import { add, subtract, multiply, divide } from "./mathUtils";

const a = 10;
const b = 5;

console.log(`Addition of ${a} and ${b} is ${add(a, b)}`);
console.log(`Subtraction of ${a} and ${b} is ${subtract(a, b)}`);
console.log(`Multiplication of ${a} and ${b} is ${multiply(a, b)}`);
console.log(`Division of ${a} and ${b} is ${divide(a, b)}`);

Ambient Modules

Ambient modules in TypeScript are used to declare external modules or third-party libraries in a TypeScript program. Ambient modules provide type information for modules that have no TypeScript declarations, but are available in the global scope.


Step 1: Create an Ambient Module Declaration

Suppose you are using a JavaScript library called awesome-library that does not have TypeScript type definitions. You can create a type declaration file for it.

declare module "awesome-library" {
export function awesomeFunction(param: string): string;
export const awesomeVariable: number;

Step 2: Use the Ambient Module in Your TypeScript Code

Now, you can use the awesome-library module in your TypeScript code with type safety.

import { awesomeFunction, awesomeVariable } from "awesome-library";

const result = awesomeFunction("Hello, world!");
console.log(result); // Assume it logs some awesome message

console.log(`Awesome Variable: ${awesomeVariable}`);

Global Augmentation

Global augmentation allows you to add or modify global variables and types. This is useful when you need to extend existing global objects, such as Window, Document, or Node, with additional properties or methods.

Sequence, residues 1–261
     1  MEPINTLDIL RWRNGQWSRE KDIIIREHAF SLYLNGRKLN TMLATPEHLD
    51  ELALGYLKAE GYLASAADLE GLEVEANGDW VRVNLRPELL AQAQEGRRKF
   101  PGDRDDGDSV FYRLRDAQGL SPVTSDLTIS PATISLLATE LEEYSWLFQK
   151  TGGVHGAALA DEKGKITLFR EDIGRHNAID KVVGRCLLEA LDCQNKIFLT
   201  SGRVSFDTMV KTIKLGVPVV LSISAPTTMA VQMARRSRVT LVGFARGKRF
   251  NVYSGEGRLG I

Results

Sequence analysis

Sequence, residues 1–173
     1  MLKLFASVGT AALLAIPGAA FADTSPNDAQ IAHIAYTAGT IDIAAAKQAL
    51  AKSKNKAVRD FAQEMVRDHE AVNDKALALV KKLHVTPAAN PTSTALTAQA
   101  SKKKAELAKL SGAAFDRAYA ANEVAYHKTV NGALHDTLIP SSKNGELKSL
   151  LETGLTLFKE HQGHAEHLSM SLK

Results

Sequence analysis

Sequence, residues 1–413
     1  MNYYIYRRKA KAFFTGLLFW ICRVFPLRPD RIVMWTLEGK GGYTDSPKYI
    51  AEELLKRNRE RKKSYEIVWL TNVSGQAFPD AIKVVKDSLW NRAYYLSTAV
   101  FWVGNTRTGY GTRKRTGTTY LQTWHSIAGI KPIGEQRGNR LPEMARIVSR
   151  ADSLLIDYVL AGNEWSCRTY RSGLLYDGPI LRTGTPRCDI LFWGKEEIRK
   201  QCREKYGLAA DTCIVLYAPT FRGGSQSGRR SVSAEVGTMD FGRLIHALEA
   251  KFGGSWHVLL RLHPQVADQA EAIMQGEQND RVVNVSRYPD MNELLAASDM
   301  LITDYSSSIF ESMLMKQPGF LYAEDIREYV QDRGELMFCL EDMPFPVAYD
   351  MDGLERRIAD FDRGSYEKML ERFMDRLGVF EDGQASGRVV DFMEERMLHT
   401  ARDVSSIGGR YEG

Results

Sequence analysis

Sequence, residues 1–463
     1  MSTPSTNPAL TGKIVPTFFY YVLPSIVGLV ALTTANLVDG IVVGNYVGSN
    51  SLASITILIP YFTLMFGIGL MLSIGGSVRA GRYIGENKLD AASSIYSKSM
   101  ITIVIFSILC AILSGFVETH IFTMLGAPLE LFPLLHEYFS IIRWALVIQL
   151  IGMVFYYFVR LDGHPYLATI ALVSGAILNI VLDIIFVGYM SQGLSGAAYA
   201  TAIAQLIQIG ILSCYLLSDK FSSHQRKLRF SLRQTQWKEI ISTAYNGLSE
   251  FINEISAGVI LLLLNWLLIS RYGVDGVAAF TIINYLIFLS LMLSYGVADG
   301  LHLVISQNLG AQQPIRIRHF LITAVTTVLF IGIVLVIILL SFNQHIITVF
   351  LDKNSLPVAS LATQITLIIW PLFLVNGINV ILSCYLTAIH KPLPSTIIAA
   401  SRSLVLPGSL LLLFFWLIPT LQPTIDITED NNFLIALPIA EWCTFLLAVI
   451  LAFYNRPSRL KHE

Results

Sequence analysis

Example: Extending the Window Object

Suppose you want to add a custom method to the global Window object.

interface Window {
customMethod: () => void;

window.customMethod = function () {
console.log("This is a custom method on the window object.");
// Use the custom method on the window object
window.customMethod(); // Output: This is a custom method on the window object.

.d.ts files

The .d.ts in file names stands for "declaration file" in TypeScript. Declaration files are used to describe the shape of JavaScript code to the TypeScript compiler. They provide type information about an API that's written in plain JavaScript, allowing TypeScript to understand how to type-check code that uses that API.

Key Points about .d.ts Files

  • Type Information: .d.ts files provide type annotations for JavaScript code. They don't contain any implementation code; instead, they describe the types of variables, functions, classes, and modules.

  • Ambient Declarations: They often contain ambient declarations, which describe types for modules or global variables that exist at runtime.

  • Third-Party Libraries: When using third-party JavaScript libraries without TypeScript type definitions, you can use or create .d.ts files to provide those type definitions. Many popular libraries have type definitions available via DefinitelyTyped, a repository of high-quality TypeScript type definitions.

  • Automatic Inclusion: If you place .d.ts files in your project, TypeScript will automatically include them when type-checking your code.